[Screen It]


(2022) (Tom Holland, Mark Wahlberg) (PG-13)

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Action: A trio of thieves warily work together to decipher various, centuries-old clues that might lead them to a fortune of long-lost gold.

Ever since he was a young kid influenced by his older brother -- both orphans -- when they tried to steal a centuries-old map related to Ferdinand Magellan that supposedly contained clues to a stash of gold, Nathan Drake (TOM HOLLAND) has become quite good at sleight of hand sorts of petty theft. So much so that treasure hunter Victor "Sully" Sullivan (MARK WAHLBERG) wants to hire him to help steal a large gold cross reportedly tied to Magellan and that map.

Learning that Sully knew his older brother who Nathan hasn't seen since he fled the authorities when Nathan was ten, the young man agrees. But they're not the only ones after the cross that's up for auction. From the House of Moncada, family heir Santiago Moncada (ANTONIO BANDERAS) wants to get his hands on it and has the resourceful Braddock (TATI GABRIELLE) as his assistant to make that happen. She and Sully know each other, and he warns Nathan to avoid her at all costs.

He also views Chloe Frazer (SOPHIA ALI) with the same distrust, but once Sully and Nathan have the cross in their possession, they need her as she has the matching one and both are needed to solve the mystery of the gold's location. As they warily work together to decipher the clues and avoid the boobytraps, they must contend with Santiago and Braddock who also want to get their hands on the loot.

OUR TAKE: 5.5 out of 10

Beyond a brief stint of playing "Doom" in the early 1990s, most of my extensive video game playing occurred in high school a decade earlier. Thus, while I'm somewhat familiar with more recent games -- at least those that have become mega-popular -- I don't know them all and some I'm never heard of.

And while only one game from my youth made a decent movie -- that being the original "Tron" -- the annals of cinemadom are littered with a bevy of video game adaptation failures. That, of course, is mainly because games are an active, first-person experience, whereas most movies based on them -- at least those that stay loyal to gameplay -- are about as exciting as, well, watching others play such games (yes, I know there's an online "industry" featuring exactly that, which boggles the mind).

The better movies -- at least in principle -- are those that can operate on their own, with no pre-existing knowledge of the source material necessary, but enough of the characters and gameplay to appease fans. I can't attest to how "Uncharted" does with the latter -- having never heard of the game -- but it's easy enough to follow for those who don't know Nathan Drake from Nathan Lane or the Sully Sullivan from the heroic pilot who landed a passenger plane in the Hudson.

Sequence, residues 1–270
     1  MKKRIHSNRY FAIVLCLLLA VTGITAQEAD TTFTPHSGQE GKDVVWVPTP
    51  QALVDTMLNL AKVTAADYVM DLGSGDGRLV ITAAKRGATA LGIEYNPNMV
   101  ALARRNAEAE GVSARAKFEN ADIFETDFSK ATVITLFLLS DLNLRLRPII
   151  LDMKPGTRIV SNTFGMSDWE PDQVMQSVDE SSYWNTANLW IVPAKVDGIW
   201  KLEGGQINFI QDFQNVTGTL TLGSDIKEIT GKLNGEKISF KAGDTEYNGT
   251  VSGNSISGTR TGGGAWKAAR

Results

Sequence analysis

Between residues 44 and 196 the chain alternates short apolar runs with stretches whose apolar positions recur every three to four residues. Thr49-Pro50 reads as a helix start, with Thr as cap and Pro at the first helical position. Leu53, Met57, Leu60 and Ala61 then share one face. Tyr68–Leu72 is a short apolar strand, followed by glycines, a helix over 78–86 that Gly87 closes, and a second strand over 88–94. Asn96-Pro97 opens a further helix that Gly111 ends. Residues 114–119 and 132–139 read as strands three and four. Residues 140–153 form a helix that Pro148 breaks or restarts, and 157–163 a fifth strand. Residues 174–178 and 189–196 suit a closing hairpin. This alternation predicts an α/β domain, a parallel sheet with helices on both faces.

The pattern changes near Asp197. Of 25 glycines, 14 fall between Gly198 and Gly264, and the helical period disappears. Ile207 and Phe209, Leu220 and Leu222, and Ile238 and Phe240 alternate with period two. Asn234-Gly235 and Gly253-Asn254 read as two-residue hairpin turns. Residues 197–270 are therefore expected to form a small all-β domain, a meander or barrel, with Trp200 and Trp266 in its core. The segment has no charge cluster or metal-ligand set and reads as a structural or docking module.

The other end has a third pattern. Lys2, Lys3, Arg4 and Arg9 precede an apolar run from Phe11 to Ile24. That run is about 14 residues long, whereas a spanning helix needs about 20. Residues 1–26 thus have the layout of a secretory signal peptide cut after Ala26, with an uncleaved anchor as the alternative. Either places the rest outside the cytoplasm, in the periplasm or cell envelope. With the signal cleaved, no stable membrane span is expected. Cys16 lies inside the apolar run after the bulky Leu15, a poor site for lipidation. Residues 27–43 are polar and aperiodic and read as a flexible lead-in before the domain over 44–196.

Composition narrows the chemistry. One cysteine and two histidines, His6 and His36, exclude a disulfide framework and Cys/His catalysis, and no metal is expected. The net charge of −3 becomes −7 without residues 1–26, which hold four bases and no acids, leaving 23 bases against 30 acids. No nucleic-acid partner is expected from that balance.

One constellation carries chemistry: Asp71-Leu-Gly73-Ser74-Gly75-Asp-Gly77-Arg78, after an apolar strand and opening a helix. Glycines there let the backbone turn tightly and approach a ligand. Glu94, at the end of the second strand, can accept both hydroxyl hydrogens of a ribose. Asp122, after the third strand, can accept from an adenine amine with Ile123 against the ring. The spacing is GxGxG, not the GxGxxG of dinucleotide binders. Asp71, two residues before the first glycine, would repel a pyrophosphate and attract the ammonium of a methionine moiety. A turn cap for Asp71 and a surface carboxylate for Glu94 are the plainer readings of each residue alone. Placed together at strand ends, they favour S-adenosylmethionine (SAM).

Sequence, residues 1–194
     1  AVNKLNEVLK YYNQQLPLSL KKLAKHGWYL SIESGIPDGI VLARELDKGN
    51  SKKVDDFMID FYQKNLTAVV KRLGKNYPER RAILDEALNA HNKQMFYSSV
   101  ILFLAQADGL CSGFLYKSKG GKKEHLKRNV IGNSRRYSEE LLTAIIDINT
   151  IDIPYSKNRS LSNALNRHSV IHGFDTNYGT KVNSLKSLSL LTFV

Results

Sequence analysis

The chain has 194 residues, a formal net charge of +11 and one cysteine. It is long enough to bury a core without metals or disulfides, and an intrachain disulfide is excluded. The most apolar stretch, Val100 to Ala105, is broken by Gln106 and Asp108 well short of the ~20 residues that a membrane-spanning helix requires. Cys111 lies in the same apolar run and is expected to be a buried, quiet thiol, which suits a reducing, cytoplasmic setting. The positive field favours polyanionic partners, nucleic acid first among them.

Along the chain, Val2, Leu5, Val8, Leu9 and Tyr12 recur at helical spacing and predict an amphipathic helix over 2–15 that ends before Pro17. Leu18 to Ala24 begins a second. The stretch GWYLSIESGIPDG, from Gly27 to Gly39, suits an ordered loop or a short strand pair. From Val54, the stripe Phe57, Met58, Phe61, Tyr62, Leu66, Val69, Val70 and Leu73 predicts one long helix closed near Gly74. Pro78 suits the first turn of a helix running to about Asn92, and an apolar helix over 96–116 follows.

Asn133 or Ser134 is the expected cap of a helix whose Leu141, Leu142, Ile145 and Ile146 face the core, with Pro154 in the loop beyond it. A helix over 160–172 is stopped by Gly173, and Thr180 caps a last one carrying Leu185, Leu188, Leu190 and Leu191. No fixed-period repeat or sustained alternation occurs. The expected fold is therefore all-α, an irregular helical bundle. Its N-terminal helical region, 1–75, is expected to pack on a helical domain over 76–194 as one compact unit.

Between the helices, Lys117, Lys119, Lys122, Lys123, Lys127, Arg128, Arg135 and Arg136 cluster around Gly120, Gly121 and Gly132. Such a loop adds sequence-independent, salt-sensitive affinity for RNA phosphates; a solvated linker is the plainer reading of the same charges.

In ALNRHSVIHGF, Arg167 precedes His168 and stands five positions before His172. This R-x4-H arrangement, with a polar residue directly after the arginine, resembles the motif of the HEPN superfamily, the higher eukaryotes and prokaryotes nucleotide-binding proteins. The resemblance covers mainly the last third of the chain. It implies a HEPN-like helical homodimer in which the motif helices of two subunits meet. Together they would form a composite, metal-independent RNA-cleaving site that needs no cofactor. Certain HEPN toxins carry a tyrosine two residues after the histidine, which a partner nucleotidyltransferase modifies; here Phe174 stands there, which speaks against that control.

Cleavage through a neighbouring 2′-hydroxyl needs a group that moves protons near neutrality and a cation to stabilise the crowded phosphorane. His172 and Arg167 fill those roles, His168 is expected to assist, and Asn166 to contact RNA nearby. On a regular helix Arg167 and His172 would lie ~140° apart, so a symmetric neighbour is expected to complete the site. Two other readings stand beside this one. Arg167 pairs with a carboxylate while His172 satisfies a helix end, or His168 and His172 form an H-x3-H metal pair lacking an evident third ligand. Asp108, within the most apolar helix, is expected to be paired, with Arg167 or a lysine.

Speaking of that, there are some unbelievable flying moments in this flick from writers Rafe Lee Judkins and Art Marcum & Matt Holloway and director Ruben Fleischer that could cause some serious eye-rolling. That is, when the overall offering isn't otherwise reminding many a viewer of other treasure-seeking offerings ranging from "Raiders of the Lost Ark" to "National Treasure" and so on.

Here, Tom Holland -- fresh off the megahit success of his latest Spider-Man flick and thus showing up with a lot of goodwill that could potentially translate to box office moola -- plays Drake, a charming and somewhat unassuming young man who's just as good at imitating Tom Cruise's behind-the-bar bottle flipping antics from "Cocktail" as he is lifting a woman's bracelet from her wrist without her being any the wiser.

His skills -- along with being the younger sibling of a pivotal figure who's only seen in a flashback sequence -- means he's caught the eye of seasoned treasure hunter Sully (Mark Wahlberg) who wants him to help steal a gold cross from an auction. It seems possessing that could help find Ferdinand Magellan's long-lost gold, something 10-year-old Nathan was plotting on doing long ago with his big bro.

The two end up forming an uneasy alliance, which becomes more complicated and uncertain when the likes of Chloe Frazer (Sophia Ali), Braddock (Tati Gabrielle), and Santiago Moncada (Antonio Banderas) enter the picture. The former already has the other matching cross (both are needed to unlock the clues), while the latter two similarly want the gold for their own reasons. What follows is a series of "we need to figure this out" sequences filled with action, adventure, peril, double-crossing, and other such storytelling parameters of flicks like these.

Despite being active and often frenetic enough to prevent anyone from falling asleep while watching it, I never found most of the material terribly exciting or engaging, save for the opening sequence that gets revisited later in the film.

But it's certainly easy enough to just sit back, turn off any higher functioning of the old brain, and just go with the flow. And there's something to be said for that. All of which means that "Uncharted" rates as a 5.5 out of 10.

Reviewed February 14, 2022 / Posted February 18, 2022

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